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I am reading a text on convex optimisation, and there is a line:

$f_i(\tilde{x})\leq0$ and $h_i(\tilde{x})=0$, and $\lambda \succeq 0$

and I was just wondering why for one term, $\leq$ is used and for the other, $\succeq$ is used.

I have a computer science background and for some reason we never were taught much formal mathematical notation.

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$\succeq$ is used typically in the context of matrices and vectors.

  • If used in the context of vectors, it typically means that all elements of the vectors are non-negative, i.e., $\vec{\lambda} \succeq 0$, if $\lambda_i \geq 0$ for all $i$.

  • If used in the context of matrices, it typically means that the matrix is non-negative definite, i.e., $A \succeq 0$, if $x^TAx \geq 0$ for all $x \in \mathbb{R}^{n}$, where $A \in \mathbb{R}^{n \times n}$. However, on extremely rare occasions, this symbol could also mean that all entries in a matrix are non-negative, i.e., $A \succeq 0$, if $A(i,j) \geq 0$ for all $i,j$.

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  • $\begingroup$ that makes a lot of sense as i believe it is talking about a vector, thanks! $\endgroup$ – Gus Kenny May 1 '15 at 2:24
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In a different context, succeed might be used when there is "discrete" ordering, e.g. for the natural numbers, as opposed to "continuous" ordering, e.g. the reals. For example, $5$ succeeds $4$ (as there are no intermediate natural numbers between $4$ and $5$) it is also said that $5$ is the immediate successor of $4$. On the other hand there is not such thing as an immediate successor for real numbers, e.g. one could say that $4.6>4.2$ but we could always insert more numbers in between, $4.6>4.56>4.48374883748>4.2$. So here one would only say that $4.6$ is greater than $4.2$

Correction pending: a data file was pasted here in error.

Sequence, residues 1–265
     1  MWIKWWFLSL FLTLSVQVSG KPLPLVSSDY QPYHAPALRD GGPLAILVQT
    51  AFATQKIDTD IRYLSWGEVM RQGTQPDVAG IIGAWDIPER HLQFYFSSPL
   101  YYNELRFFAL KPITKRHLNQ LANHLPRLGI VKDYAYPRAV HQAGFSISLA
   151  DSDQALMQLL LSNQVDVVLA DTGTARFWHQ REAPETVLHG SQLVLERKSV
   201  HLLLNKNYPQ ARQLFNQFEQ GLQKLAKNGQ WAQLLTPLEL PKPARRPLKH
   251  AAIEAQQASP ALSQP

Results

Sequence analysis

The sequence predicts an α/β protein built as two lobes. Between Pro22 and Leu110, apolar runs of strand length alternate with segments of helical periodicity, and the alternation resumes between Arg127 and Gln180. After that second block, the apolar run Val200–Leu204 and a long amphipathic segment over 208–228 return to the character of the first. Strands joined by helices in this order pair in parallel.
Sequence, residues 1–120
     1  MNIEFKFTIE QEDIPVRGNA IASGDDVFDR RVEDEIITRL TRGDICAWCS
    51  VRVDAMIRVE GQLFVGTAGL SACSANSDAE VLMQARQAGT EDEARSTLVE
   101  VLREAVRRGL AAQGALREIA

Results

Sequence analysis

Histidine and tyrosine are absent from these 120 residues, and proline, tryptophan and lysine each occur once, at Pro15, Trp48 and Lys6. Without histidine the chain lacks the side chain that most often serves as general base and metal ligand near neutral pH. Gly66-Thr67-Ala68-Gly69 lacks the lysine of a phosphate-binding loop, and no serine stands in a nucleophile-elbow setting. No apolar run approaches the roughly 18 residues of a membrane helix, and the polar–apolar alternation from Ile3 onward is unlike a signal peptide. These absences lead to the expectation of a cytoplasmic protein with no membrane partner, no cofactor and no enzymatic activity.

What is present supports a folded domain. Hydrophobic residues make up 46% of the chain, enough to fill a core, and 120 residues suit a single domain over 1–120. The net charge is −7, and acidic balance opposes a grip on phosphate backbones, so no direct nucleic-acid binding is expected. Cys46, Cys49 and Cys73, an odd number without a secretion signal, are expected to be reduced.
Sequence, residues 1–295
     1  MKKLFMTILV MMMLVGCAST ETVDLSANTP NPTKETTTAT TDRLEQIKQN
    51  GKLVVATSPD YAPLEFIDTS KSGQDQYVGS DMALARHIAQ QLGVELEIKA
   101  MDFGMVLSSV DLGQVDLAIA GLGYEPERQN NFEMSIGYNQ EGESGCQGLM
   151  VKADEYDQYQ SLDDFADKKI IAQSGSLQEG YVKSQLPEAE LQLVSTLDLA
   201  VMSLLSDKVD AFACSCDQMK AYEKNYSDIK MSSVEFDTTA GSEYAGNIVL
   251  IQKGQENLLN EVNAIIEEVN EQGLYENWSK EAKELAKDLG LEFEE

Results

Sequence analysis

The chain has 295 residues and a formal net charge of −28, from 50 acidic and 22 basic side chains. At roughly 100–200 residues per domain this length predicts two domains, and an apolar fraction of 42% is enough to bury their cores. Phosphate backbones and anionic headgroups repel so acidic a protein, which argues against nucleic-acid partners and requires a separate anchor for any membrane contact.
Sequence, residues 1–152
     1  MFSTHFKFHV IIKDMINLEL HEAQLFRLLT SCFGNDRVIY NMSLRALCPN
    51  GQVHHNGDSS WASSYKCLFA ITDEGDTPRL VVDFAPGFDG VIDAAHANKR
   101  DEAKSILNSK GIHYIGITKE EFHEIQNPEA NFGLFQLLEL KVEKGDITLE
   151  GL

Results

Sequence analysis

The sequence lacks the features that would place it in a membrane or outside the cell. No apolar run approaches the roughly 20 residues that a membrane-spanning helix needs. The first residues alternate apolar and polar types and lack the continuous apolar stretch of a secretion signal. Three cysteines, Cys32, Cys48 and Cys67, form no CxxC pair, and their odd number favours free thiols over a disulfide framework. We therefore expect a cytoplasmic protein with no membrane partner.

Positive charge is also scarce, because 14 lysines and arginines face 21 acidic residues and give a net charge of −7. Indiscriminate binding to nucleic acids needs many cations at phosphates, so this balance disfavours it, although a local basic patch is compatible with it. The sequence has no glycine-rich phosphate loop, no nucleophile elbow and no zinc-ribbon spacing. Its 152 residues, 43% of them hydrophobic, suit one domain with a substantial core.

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  • $\begingroup$ the context was a vector one, as mentioned above - but this is an interesting use of it also. thanks for expanding on the answer. $\endgroup$ – Gus Kenny May 1 '15 at 2:25
  • $\begingroup$ @guskenny83 Thank you. In yet another context one may use the same notation $\prec$ with a different word and different meaning, that is for (usually open) covers $\mathcal U$ and $\mathcal V$ of a topological space, one says that $\mathcal U$ refines $\mathcal V$, written $\mathcal U\prec \mathcal V$ if if for every $U\in\mathcal U$ there is some $V\in\mathcal V$ such that $U\subseteq V$. More generally $\prec$ is sometimes used for pre-orders: When $x\prec y$ and $y\prec x$ does not necessarily imply that $x=y$. $\endgroup$ – Mirko May 1 '15 at 2:31

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